The Robin and Hedge-Sparrow.—It is my misfortune to live in a large town, so that, when at home, I see none of the feathered race except that bold, impudent, sooty, but withal comical fellow the house-sparrow. My small garden is some half mile off in the suburbs, and I do all in my power to induce the birds to frequent it, through, as an incessant warfare is kept up against them by every "idle apprentice" who can lift a gun, they are far from numerous. I formed this garden in the winter of 1836, and immediately a robin took up his quarters with me in the greenhouse, going out during the day, and returning at night to his roost in some of the shrubs therein. I was at first puzzled to find out how he got in, till I noticed that a triangular piece of glass had fallen out of one of the small panes in the roof, which are three inches broad, and saw him enter by alighting on the edge of the pane below, stoop his head, hop through the hole, and expanding his wings fly to his roost. Of course he could not get out by that opening, and therefore on entering the house every morning I gave him the option of making his exit for the day, which he generally did at once. If, however, the weather was stormy, or a keen frost or snow was on the ground, he used to return in a few minutes with all his feathers standing on end, and very intelligibly, though mutely, beg for admittance to his old quarters, where, having plenty to eat and drink, he spent his time in watching my movements, or hunting about amongst the plants. In very cold weather he prefers a stove heat, and should I leave the door leading into it from the greenhouse ajar, I am sure soon to find him after me. When there he appears to enjoy himself much, he gathers his puffed out plumage tight about him, and looks as he does in summer-time. His large, beautiful, intelligent black eye (only equalled by that of the nightingale) is in constant watch of my motions from his usual perch upon the suspended orchidaceæ, or the rods intersecting the roof from which they are hung. In this manner he has passed every winter since 1836, returning to his quarters about November, and leaving them in February or March. He has now become so tame that he feeds from my hand, and when perched thereon sometimes amuses himself by picking out any crumbs, &c., that may have lodged underneath my finger nails when preparing his food. When in the stove, the moment he sees me enter the greenhouse he flies to the door which separates them, fluttering against the glass in his attempts to reach me, and as soon as I open the door, alighting on my hand, seems grievously disappointed if there is nothing eatable in it, although he may have plenty of food within reach. In summer he and his mate build their nest close by, and are very familiar, though they will not come to the hand. Another pair have built twice with me this season in the same mouse's hole in an old hedge which I retain in my garden, and allow any of the family to approach close to them without being alarmed, popping out their heads in reply to the challenge of a whistle to them. So tame are my young robins, that during summer and autumn it positively requires that one watch their movements to avoid injuring them when hoeing and raking, so closely do they come about one: and it is no uncommon thing for my sisters, when working amongst their flowers, to have three or four of these youngsters in constant attendance during a whole morning. The hedge-sparrow is another of my especial favourites, for I consider it the most affectionate of birds, neither yielding to the dove or the love bird in this respect. They always go in pairs, and having once taken each other "for better for worse," never separate, and seem unhappy when out of each other's sight even for a moment. They are most inoffensive, subsisting chiefly on insects and their larvæ, and ought to be kindly treated by every gardener. Two pair of them seem to consider my garden their home, as they remain with me summer and winter, building in the shrubs, and in cold weather keeping about the open sheds, &c., and coming regularly to be fed. I often stand and watch their movements upon the lawn, which they hunt over in search of insects, in that half-hop, half-flight, so characteristic of this bird, always within a yard or two of each other, and keeping up their low twittering note. Should one of them happen to get out of the other's sight, the moment it is missed you hear the call of its partner, and can see how distressed it is at its absence, whilst the well-known reply, and the delight on their meeting, almost invariably elicits the song of the male. "Bless their kind hearts!" say I, with Mr. Waterton, the quotation from whose delightful work in your last has induced me to send you this.—Pons Ælii.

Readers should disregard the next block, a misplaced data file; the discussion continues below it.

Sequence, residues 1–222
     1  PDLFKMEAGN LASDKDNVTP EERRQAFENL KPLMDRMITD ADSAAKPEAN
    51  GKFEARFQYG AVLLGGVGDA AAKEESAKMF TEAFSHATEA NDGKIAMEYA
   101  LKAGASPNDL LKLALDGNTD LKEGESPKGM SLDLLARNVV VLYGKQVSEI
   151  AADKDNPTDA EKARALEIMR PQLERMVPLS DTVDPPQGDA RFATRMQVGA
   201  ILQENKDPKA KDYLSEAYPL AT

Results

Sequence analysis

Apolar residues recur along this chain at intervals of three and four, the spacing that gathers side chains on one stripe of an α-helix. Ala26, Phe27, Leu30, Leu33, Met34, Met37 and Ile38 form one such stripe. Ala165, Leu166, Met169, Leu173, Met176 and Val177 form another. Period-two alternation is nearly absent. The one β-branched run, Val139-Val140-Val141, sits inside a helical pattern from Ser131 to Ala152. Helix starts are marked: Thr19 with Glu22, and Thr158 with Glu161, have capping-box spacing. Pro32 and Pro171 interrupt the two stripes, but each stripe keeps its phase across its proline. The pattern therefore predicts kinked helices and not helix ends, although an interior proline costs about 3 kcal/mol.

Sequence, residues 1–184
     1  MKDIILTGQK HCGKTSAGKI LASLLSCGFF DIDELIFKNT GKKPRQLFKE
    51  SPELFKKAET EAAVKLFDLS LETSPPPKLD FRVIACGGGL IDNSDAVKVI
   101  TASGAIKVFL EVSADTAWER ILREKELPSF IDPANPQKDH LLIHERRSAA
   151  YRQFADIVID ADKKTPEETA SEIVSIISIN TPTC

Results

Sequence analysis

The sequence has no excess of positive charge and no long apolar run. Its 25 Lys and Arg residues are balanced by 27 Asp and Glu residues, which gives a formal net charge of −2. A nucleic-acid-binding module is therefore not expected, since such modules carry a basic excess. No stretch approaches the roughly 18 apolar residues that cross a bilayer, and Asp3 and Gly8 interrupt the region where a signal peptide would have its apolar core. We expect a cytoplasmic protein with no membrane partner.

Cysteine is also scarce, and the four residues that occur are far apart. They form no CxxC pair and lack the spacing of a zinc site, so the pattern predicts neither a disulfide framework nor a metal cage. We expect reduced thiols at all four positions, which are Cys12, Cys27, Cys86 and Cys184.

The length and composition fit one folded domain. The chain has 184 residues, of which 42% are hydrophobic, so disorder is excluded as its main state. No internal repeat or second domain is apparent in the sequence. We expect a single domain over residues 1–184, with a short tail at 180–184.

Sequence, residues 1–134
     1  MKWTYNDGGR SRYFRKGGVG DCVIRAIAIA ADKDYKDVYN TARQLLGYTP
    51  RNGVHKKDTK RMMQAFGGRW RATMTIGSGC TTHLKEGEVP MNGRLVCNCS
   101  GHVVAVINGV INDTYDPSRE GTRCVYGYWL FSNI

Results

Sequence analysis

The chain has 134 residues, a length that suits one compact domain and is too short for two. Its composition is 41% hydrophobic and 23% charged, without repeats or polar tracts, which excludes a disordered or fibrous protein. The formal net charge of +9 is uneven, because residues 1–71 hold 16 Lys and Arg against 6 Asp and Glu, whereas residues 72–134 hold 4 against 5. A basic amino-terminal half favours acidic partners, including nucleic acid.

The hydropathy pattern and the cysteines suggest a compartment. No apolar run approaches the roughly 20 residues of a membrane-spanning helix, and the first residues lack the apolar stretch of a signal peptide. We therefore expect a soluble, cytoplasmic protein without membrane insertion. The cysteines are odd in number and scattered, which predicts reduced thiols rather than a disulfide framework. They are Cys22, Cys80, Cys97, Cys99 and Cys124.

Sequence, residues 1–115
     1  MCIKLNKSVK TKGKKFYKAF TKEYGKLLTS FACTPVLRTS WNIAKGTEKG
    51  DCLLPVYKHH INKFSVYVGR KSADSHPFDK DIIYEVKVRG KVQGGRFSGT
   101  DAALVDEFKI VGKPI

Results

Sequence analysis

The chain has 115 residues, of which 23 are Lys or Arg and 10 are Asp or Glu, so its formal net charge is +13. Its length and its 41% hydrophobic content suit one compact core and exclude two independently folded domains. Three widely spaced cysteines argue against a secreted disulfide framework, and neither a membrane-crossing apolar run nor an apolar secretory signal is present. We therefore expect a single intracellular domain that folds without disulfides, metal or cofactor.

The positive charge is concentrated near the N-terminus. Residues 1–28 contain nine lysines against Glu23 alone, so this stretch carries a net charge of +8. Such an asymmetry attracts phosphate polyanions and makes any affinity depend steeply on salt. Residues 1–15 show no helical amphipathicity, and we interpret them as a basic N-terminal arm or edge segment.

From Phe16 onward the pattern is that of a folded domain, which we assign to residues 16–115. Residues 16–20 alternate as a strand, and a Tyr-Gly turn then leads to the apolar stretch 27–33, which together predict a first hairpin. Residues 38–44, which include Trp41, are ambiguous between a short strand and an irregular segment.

Wasps and Bees.—I have tried Professor Henslow's method of destroying wasps, and found it to answer admirably. I put a small quantity of spirits of turpentine into a bottle, and at night, when the wasps were all at home, the bottle was inserted in the mouth of the nest; a spadeful or two of puddled earth was put over this, about a foot in thickness, in order to make the work secure. My man, who had never employed anything but gunpowder and brimstone for this purpose, was doubtful about success. In twenty-four hours, however, all the straggling wasps having disappeared, the nest was opened, and all were quite dead. My man said they would come to life again if he did not smash them with the spade; but before doing so he took out about a dozen of the white waxy looking sealed up bags, containing the young embryo wasps; these were wrapt in paper and taken home; in a day or two the paper was opened, when some of the bags had been converted into mature wasps, others appeared as large moveable maggots, and some were the same as when first taken out of the cells. I have a hive of bees not far from the spot where the wasps' nest was found, and I had noticed wasps about the hive. I have watched them go into it; the bees did not appear to resist their entrance, nor did I see any symptoms of fighting. I diminished the entrance of the hives to two small holes, which are only capable of allowing one bee to go through at once, and since that alteration a larger number of bees are generally about these holes. This morning I did not see one wasp enter the hive; they came and flew about, went once or twice near the entrance, and flew away. Will any bee-keeper inform me whether or not the destruction of bees is the consequence of wasps entering the hive, or whether robbery would satisfy the intruders? whether or not the bees would fight them after they had entered the hive? and whether or not the diminished entrance will do any injury to the bees?—Jasper Stokes, Birmingham.